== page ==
Feb. 5th, 2009 03:43 pm
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[personal profile] flea
Casper came home with a folder from the gifted program at her school. She has been recommended for evaluation by her teacher, and we had to sign a form authorizing their evaluation. I signed it, and we'll see.

I tend to take for granted Casper's strengths, which include being in general very bright and very verbal. She's also pretty creative, a storyteller, good at problem solving in some circumstances (on the other hand, *finding her shoes* is sometimes a challenge). On the couple of occasions she's been in research studies (which I've done for fun and geekiness - I can help science!) the students evaluating her have commented on her intellectual and verbal precocity and level of understanding, and they use standard metrics, so they should know.

On the other hand, she's five and a half and not yet reading (not that there's anything wrong with that, but it doesn't yell "gifted"), and we spent (well, mr. flea spent; I drank) a tearful 45 minutes with her last night practicing her sight-recognition words, most of which she would not or could not recognize. She does fine at her schoolwork, is performing at the expected levels for her grade (which, let's remember, is kindergarten, after all), but doesn't seem especially motivated to excel. She likes drawing and art generally, and likes the science special they have, but her level of motivation isn't shouting "gifted" to me either.

I've read the school district's official materials on the gifted program, and poked around a little at "gifted kid" stuff on the internet, but I don't have a lot of knowledge about gifted programs. I have heard anecdotally that in some districts "gifted" is code for "let's pull out the upper middle class kids from the poor" (often with added racial coding) and since we are in a heavily poor and minority school, and school district, this is a concern to me - I don;t want to play that way. Some of the big web sites on gifted children say you can't define gifted before the age of 8 or so; a lot of what is defined as gifted before then is precocity, and the other kids catch up. I took some IQ tests in elementary school (in a small town in rural Maine) and was sort of treated as a gifted child at school myself; though there was no formal gifted program, I was homeschooled half time one year, basically as a form of enrichment; they thought about skipping me a grade, but didn't, though I did have to learn the times tables really fast when they were talking about it, which sucked; and I did some special pull-out work at times. But once I was in a larger school district of high-achieving parents & kids I wasn't treated differently from anyone else; I don't know if they had a gifted program and I wasn't in it, or if it was just assumed that half the damn school was gifted (my guess would be the latter). So would Casper be gifted if we lived in Lexington, MA? Shouldn't defining gifted be less situational than that?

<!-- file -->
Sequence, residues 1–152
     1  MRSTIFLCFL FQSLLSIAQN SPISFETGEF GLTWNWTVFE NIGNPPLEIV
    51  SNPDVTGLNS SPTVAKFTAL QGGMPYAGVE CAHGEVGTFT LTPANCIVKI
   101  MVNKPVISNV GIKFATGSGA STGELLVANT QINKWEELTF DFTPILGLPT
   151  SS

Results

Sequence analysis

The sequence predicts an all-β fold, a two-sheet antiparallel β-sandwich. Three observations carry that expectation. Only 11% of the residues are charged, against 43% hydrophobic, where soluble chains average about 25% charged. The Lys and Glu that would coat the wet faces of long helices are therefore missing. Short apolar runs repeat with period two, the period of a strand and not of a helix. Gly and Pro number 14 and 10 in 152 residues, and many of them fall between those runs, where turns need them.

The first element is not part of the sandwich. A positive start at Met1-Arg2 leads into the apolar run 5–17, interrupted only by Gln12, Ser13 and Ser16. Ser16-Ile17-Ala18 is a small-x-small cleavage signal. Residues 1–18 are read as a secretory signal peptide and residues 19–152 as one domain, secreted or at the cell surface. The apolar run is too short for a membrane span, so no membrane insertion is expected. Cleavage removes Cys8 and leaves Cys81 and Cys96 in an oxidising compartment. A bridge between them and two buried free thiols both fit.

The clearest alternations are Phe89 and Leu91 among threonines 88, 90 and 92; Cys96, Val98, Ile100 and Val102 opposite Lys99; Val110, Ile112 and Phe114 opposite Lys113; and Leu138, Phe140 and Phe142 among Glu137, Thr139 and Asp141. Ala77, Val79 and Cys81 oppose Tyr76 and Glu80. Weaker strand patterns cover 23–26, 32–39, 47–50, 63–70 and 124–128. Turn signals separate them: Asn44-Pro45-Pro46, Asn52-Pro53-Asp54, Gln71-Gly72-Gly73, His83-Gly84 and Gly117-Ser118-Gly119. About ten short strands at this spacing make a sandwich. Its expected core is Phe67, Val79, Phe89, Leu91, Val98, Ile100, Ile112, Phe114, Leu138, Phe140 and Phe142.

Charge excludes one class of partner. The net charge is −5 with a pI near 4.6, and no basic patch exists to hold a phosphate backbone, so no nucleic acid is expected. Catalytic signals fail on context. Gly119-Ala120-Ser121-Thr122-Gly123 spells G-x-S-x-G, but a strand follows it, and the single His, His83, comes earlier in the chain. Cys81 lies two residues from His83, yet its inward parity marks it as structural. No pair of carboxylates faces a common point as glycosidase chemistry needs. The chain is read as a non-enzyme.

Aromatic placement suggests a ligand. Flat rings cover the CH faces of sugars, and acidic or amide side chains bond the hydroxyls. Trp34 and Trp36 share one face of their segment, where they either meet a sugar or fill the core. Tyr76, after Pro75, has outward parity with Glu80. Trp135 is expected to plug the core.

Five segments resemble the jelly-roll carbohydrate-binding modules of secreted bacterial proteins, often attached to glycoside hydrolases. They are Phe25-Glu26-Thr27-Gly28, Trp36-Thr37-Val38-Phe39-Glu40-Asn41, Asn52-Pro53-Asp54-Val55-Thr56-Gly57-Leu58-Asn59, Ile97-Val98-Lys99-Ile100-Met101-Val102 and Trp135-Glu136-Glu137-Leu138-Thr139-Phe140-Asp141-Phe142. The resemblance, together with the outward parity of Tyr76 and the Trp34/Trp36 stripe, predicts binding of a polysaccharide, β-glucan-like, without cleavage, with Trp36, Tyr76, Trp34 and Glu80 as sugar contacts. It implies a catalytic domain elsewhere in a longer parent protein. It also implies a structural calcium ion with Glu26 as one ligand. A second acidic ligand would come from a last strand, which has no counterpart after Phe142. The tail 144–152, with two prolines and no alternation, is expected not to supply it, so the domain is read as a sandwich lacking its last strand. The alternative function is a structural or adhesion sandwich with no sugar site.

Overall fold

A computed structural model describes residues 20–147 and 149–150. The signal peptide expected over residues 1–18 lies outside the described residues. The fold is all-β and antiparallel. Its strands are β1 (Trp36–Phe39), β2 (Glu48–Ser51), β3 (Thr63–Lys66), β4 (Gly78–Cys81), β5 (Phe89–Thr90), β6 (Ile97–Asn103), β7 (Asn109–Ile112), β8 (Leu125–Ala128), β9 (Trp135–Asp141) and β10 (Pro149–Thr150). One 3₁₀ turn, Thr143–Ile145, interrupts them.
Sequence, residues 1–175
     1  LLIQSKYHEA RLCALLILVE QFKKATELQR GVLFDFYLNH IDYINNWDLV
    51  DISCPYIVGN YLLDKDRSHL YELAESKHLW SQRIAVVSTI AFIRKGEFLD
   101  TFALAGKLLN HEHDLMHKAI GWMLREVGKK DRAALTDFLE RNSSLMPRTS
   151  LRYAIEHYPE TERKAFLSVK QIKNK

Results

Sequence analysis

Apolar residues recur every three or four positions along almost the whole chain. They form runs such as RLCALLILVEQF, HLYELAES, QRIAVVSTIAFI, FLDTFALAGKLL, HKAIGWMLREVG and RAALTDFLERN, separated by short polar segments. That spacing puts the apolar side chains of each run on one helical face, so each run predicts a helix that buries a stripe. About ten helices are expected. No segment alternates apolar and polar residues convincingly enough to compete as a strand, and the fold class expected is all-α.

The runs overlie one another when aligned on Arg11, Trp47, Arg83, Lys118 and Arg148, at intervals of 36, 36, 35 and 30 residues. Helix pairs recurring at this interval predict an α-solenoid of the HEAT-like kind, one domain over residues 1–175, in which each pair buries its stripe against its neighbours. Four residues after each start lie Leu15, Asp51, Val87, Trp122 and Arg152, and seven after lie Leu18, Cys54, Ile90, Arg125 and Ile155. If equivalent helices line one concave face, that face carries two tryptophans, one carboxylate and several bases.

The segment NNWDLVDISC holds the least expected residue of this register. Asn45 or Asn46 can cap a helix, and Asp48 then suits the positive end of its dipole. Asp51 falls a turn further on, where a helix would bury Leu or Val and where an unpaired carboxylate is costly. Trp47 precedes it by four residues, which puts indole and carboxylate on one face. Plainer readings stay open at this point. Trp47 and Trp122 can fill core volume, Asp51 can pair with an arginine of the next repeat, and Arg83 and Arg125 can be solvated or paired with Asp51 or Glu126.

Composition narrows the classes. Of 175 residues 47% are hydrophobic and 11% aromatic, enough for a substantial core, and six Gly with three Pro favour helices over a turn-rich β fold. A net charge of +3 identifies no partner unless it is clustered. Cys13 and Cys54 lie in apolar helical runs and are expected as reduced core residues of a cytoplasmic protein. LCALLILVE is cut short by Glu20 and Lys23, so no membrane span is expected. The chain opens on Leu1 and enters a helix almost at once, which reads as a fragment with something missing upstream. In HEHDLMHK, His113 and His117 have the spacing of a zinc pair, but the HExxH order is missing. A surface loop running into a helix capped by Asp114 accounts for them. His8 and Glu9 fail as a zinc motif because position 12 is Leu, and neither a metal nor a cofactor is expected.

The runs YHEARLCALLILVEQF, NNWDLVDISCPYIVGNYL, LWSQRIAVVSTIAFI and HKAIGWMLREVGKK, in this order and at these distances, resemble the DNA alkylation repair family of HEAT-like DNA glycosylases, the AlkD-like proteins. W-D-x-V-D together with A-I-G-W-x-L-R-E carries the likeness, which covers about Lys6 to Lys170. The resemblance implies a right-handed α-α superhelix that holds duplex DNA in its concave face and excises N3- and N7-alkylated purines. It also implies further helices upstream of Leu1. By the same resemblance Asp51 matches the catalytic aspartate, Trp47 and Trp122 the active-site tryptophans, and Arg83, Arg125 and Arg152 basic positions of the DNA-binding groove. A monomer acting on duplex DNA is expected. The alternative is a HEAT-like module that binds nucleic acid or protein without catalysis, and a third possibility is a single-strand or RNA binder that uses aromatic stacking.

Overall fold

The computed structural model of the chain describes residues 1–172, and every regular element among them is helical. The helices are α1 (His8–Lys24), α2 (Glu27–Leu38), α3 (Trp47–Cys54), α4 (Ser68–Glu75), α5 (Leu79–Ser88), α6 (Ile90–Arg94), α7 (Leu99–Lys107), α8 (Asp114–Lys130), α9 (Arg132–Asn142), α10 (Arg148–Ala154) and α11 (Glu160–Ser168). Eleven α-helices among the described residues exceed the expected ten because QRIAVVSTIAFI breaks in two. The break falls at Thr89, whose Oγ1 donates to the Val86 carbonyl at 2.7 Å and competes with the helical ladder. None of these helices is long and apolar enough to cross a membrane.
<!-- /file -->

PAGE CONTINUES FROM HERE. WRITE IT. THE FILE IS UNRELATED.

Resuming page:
I guess I am feeling mixed about this. Pleased, but also no big deal, but also skeptical. We'll see, and presumably we'll meet with the gifted coordinator if she indeed tests out gifted.
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